And this state of things prevailed for some time, till the revolution and civil war1616Viz. the revolt of Decius in Oct. 249. occupied the attention 37 of these unhappy men and turned on one another their fury against us. And so we had a short breathing space, as they found no leisure for raging against us: but very soon the overthrow of the ruler who had been not unfavourable to us1717i. e. Philip the Arabian, who was popularly supposed to be half a Christian. is announced, and our grave fears of being attacked are renewed. And, in fact, the edict arrived, which was itself almost to be compared with that foretold by the Lord, well-nigh the most terrible of all, so as to cause, if possible, even the elect to stumble.1818The reference is obviously to Matt. xxiv. 24 (Mark xiii. 22) though Dionysius has substituted “cause to stumble” (σκανδαλίσαι) for “cause to go astray” (πλανῆσαι or ἀποπλανᾶν). Nevertheless all were panic-stricken, and numbers at once of those who were in higher positions, some came forward in fear, and some who held public posts were led by their official duties; others, again, were brought in by those about them, and when their names were called, approached the impure and unholy sacrifices; pale and trembling in some cases as if they were not going to sacrifice but themselves become sacrifices and victims to the idols, so that they incurred ridicule from the large crowd that stood by, and proved themselves to be utter cowards both in regard to death and in regard to sacrificing, whilst others ran readily up to the altar, making it plain by their forwardness that they had not been Christians even before. About such the Lord’s prediction is most true that with difficulty shall they be saved.1919The reference is very loosely to Matt. xix. 23 and 25. And of the rest2020Viz. those who held no prominent position; the ordinary folk. some followed one or other of the above, while others fled or were captured: and of these last, again, some after going 38 as far as chains and imprisonment, and even after being immured several days in certain cases, still, before coming into court, forswore themselves; and others, even after enduring some amount of torment, failed at the last. But the steadfast and blessed pillars of the Lord,2121Cp. Gal. ii. 9. being strengthened by Him and receiving due and proportionate power and endurance for the mighty Faith that was in them, proved themselves admirable witnesses of His Kingdom.2222Cp. Acts xxviii. 23 and Rev. i. 9. Foremost among them was Julian, a sufferer from gout, unable to stand or walk; he was brought up with two others, who carried him, of whom the one straightway denied the Faith; the other, Cronion by name, but surnamed Eunous (well-disposed), and the old man Julian himself confessed the Lord and were conveyed on camel’s back, and scourged as they rode right through the city—big though it be, as ye know—and at last were burnt with fire unquenchable, whilst all the people stood round. And a soldier who stood by as they were carried along and protested against those who insulted them was denounced and brought up, to wit God’s brave warrior Besas, and after heroic conduct in the great war of piety was beheaded. And yet another, a Libyan by race, who rightly and happily was named Mauar (happy),2323There is evidently an allusion here to Matt. v. 11 and Luke vi. 22. though the judge urged him strongly to renounce the Faith, would not give in, and so was burnt alive. After them Epimachus and Alexander, when they had remained a long time in bonds and had endured endless tortures from the “claws”2424Viz. the ungulæ, with which the flesh was torn from the bones. and scourges, were also consumed 39 with fire unquenchable. And with them four2525Only three are mentioned in the text. women: Ammonarion, a holy virgin, though the judge tortured her vigorously for a long time because she had declared beforehand that she would say nothing that he bade her, kept true to her promise and was led off to punishment; and of the rest there was the aged and reverend Mercuria and Dionysia, who, though she had many children, did not love them above the Lord: these the Prefect was ashamed to go on torturing in vain and be beaten by women, and so they died by the sword without further tortures: for the brave Ammonarion had exhausted all their devices.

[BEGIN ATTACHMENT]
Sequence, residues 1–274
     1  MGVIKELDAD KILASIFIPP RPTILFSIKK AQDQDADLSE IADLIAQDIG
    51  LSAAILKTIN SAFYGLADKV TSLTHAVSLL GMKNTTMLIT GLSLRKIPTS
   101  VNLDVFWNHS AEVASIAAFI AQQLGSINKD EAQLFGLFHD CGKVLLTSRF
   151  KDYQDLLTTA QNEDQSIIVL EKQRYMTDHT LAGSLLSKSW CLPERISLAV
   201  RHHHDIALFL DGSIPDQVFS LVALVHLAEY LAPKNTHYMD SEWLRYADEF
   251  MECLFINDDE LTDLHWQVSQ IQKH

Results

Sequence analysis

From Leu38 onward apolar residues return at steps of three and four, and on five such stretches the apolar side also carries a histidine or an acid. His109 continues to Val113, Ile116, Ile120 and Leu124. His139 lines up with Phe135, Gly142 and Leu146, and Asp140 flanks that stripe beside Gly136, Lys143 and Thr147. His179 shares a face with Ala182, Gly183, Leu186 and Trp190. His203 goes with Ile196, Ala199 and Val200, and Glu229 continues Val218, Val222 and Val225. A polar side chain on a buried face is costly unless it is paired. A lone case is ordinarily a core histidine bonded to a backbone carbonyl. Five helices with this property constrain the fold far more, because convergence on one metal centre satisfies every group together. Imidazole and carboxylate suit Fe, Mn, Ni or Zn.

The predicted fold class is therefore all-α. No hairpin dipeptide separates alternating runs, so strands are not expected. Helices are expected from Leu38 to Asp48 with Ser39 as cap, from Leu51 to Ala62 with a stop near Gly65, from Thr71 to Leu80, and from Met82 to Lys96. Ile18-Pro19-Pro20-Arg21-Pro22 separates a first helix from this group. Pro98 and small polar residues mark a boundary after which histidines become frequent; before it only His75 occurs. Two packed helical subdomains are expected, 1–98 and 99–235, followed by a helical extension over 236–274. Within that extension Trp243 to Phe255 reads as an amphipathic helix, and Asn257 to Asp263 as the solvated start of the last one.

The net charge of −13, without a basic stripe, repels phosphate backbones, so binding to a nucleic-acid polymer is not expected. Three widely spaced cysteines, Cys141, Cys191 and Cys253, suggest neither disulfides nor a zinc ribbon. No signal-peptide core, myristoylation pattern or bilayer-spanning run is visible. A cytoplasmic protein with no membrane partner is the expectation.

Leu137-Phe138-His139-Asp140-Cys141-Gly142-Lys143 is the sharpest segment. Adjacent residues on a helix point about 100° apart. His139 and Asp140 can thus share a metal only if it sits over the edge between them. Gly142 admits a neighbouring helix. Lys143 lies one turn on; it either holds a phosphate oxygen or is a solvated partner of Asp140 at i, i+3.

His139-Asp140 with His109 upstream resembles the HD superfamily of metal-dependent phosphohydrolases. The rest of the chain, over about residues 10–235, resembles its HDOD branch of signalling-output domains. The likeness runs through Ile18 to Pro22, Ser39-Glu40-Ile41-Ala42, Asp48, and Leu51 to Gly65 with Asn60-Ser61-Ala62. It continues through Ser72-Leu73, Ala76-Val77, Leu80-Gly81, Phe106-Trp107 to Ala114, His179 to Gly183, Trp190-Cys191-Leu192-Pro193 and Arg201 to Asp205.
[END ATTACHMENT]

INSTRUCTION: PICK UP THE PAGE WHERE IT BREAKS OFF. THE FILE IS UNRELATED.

Then were delivered up three Egyptians: Heron, Ater and Isidore, and with them Dioscorus, a lad of about fifteen. And first of all the Prefect tried to cajole the stripling with words, thinking he could easily be won over, and then to force him by torments, thinking he would soon give in, but Dioscorus was neither persuaded nor forced. So the others he cruelly lacerated, and when they, too, stood firm, handed them over to the fire; but Dioscorus, who had distinguished himself in public and had answered his private questionings most wisely, he let off, saying that he granted him a reprieve for repenting, on account of his age. And now2626i. e. some time between 251, when persecution ended with the death of Decius, and 257, when Valerian revived it. the godly Dioscorus is still with us, having waited for his longer trial and his more determined conflict.